Latin America

Officers charged with policing Brazil’s ‘favelas’ face uncertain future

Community police claim to have been targets of hatred and violence by residents Locals believe they will leave as soon as the 2016 Olympics in Rio are over

María Martín
UPP police officers at the Rocinha ‘favela.’
UPP police officers at the Rocinha ‘favela.’TÂNIA RÊGO

On several occasions each day, Gabriela passes by a vehicle belonging to the Pacifying Police Unit (UPP) in Rio de Janeiro’s Vidigal shantytown, or favela. Two armed officers spend most of their time sitting inside, looking at their cellphones.

She greets them and they offer her some water, but most other residents prefer to ignore the officers. While some say they don’t trust the UPP agents, others believe that their stay in Vidigal is only temporary, and they will move on once the 2016 Olympic Games are over.

Most residents prefer to ignore the UPP officers because they fear reprisals from drug traffickers

“I know five people who greet the police, but usually the rest are afraid of reprisals by drug traffickers if they are seen talking to them,” says the 27-year-old woman.

Brothers Daniel, 16, and Vitor, 13, have no interest in getting to know the officers. They claim that the UPP officials have begun carrying out random personal searches – like regular police officers – on their friends in full view of local residents, making the incidents look suspicious.

But in other shantytowns such as Manguinhos, which is much more violent than Vidigal, the UPP’s presence has come under intense pressure.

“They are following an extermination policy and we are constant targets. Our children are being killed and on top of that we have to prove that they didn’t deserve to die,” says Ana Paula de Oliviera, 38, who is one of 208 mothers who have lost a child at the hands of the UPP since 2009.

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Her 19-year-old son Jonatan was shot in the back during an operation in May 2014.

Rio de Janeiro state officials first organized the community force in 2008 as a pubic strategy offensive to win back control of the favelas from drug traffickers, and pacify the city’s most dangerous sectors before Rio welcomes athletes at next year’s summer Olympics, and ahead of last year’s soccer World Cup.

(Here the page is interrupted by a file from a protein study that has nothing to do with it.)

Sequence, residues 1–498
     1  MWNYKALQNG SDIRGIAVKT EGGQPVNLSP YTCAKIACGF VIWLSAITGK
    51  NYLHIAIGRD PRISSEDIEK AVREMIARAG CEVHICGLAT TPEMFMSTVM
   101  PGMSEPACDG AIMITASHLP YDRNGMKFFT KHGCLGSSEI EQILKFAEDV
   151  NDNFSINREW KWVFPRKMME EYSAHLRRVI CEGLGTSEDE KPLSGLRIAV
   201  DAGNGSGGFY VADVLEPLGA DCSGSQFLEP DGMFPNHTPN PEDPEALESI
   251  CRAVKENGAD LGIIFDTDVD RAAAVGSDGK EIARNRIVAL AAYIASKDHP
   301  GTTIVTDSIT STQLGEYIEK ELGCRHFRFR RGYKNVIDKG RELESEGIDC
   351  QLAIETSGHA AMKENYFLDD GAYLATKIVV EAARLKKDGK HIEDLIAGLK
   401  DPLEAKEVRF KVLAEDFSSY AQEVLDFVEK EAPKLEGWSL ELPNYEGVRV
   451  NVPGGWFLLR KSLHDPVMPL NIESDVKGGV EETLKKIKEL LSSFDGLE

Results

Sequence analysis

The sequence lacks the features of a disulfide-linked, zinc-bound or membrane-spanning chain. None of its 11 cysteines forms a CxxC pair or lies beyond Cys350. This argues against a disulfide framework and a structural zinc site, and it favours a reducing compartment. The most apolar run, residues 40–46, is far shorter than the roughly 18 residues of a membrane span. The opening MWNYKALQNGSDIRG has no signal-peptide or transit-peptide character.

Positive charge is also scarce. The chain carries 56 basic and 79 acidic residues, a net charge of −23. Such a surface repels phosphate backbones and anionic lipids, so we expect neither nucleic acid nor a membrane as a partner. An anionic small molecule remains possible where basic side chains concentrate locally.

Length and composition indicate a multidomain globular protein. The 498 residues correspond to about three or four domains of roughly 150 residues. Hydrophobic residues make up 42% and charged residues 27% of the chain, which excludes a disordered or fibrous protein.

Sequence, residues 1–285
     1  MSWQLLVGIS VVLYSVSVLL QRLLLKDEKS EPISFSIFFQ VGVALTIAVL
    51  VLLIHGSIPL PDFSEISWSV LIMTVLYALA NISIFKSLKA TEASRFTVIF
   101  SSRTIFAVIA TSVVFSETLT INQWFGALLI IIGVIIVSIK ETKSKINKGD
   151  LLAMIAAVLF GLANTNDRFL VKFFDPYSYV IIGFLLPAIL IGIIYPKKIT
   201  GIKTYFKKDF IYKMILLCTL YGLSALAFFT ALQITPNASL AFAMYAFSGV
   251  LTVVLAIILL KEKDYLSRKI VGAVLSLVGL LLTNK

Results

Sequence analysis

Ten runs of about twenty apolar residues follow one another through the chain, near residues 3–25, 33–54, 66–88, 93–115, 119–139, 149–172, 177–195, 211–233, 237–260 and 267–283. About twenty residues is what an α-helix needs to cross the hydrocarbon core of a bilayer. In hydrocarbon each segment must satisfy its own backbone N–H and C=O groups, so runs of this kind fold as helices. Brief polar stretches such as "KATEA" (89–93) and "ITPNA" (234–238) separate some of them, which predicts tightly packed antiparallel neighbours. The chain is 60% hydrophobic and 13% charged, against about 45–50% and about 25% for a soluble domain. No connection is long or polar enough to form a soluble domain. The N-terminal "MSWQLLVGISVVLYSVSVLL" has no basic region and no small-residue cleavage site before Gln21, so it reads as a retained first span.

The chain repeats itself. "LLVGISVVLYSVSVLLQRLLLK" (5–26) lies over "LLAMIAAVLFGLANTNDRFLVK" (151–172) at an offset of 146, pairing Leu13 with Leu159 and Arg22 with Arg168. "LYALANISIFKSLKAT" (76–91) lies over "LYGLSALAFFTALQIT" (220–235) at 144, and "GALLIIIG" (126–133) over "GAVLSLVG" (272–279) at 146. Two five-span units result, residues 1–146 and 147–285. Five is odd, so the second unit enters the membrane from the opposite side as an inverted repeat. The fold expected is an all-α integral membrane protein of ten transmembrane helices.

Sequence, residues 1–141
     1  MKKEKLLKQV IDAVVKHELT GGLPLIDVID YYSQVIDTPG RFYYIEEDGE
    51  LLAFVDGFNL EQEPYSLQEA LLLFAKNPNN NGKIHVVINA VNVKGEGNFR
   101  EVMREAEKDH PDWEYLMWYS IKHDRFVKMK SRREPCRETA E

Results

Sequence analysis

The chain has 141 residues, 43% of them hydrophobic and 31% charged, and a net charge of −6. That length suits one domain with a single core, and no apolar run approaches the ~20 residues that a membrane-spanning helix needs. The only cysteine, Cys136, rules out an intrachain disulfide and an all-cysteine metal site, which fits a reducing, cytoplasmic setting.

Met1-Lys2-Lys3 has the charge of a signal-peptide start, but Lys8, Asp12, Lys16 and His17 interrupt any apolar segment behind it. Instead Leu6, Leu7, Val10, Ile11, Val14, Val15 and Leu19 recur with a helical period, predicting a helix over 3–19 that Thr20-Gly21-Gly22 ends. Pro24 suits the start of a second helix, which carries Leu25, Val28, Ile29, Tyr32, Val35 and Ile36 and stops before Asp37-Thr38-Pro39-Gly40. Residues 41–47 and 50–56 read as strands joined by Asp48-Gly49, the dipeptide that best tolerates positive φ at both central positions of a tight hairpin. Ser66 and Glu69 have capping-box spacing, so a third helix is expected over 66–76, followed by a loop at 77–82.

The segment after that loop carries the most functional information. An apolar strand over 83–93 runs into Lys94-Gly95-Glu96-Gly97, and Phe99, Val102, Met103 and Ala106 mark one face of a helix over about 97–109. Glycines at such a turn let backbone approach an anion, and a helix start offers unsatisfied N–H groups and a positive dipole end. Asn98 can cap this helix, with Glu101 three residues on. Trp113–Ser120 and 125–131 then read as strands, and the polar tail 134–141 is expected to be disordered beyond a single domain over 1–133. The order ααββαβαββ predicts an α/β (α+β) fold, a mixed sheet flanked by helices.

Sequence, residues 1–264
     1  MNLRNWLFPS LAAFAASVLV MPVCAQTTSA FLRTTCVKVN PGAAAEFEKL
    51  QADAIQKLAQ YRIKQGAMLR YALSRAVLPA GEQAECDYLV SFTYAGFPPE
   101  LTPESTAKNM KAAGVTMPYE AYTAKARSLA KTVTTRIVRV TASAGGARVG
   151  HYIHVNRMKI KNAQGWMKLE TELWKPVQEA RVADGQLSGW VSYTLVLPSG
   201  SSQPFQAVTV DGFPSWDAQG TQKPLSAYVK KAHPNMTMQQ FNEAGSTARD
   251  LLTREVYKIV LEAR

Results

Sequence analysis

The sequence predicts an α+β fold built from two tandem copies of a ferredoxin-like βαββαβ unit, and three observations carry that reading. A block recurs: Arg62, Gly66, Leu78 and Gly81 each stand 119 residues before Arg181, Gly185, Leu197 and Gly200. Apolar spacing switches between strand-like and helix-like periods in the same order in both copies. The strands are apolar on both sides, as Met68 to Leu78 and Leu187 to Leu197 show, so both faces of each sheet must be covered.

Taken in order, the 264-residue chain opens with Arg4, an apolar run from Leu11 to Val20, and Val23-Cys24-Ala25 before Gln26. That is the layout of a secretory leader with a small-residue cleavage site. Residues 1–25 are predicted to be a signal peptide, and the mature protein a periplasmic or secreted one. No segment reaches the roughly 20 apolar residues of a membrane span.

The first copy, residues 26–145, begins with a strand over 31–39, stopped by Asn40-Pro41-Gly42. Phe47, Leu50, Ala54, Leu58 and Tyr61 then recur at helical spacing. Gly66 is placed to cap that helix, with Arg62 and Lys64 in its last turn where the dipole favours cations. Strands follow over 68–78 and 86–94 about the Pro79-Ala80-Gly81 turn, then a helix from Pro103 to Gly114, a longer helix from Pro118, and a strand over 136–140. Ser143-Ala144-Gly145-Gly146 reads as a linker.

But while many don’t hold the UPP in high regard, the officers’ own morale has plummeted.

According to a survey taken by the Center of Security and Citizen Studies at Candido Mendes University, 60 percent of the officers polled said they felt they were disliked and even hated by the residents of the slums they patrol.

The figures show that UPP officers have a dimmer view of their roles compared to those reflected in prior surveys, taken in 2010 and 2012.

More than half of officers say they are inadequately trained while 42% complain about their safety

Little more than half believe that they are inadequately trained while 42 percent complained about their safety.

The results also demonstrate the distances that exist between the UPP and the neighbors they were assigned to protect. Only 5.3 percent said they hold regular meetings with residents, while only 14 percent acknowledged that they have tried to settle conflicts inside the neighborhood.

Of the 2,002 officers interviewed, 65.8 percent said that they have been insulted while 55.8 percent reported that objects had been thrown at them.

“Previously, the UPP had problems with its reputation, its credibility, but now we are seeing a structural problem that, if left unresolved, could pose serious risks to the program,” says Silvia Ramos, one of the coordinators of the survey.

“We have to reorganize the program. There are a series of activities, such as meetings with community leaders or strategic communications with the community through the social networks that don’t cost any money,” she explains.

Everyone believes that a community police officer is second rank to a police officer”

But Pehkx Jones, deputy secretary for Education, Prevention and Assessment, which reports to the Citizens Security unit, warned that these figures only reflect a certain period in 2014.

“The results would be different today,” he says, noting some improvements.

Nevertheless, Jones acknowledged that the program suffers from deficiencies when it comes to officer training. Perceptions about the force are also misleading, he argues.

“Everyone believes that a community police officer is second rank to a police officer – that’s true especially among young people. But that doesn’t just happen in Rio or Brazil,” Jones says.

The UPP’s future in the 38 favelas in Rio has become one of the major debates over the past weeks in Rio, fueled by the prospect that the Olympic Games are just 10 months away.

A string of violent incidents involving the UPP have helped propel the issue to the forefront. Eight UPP officers – double that of 2014 – have been killed in the line of duty so far this year. At the same time, the number of killings and abuses committed by these community officers during drug shootouts continues to grow.

English version by Martin Delfín.

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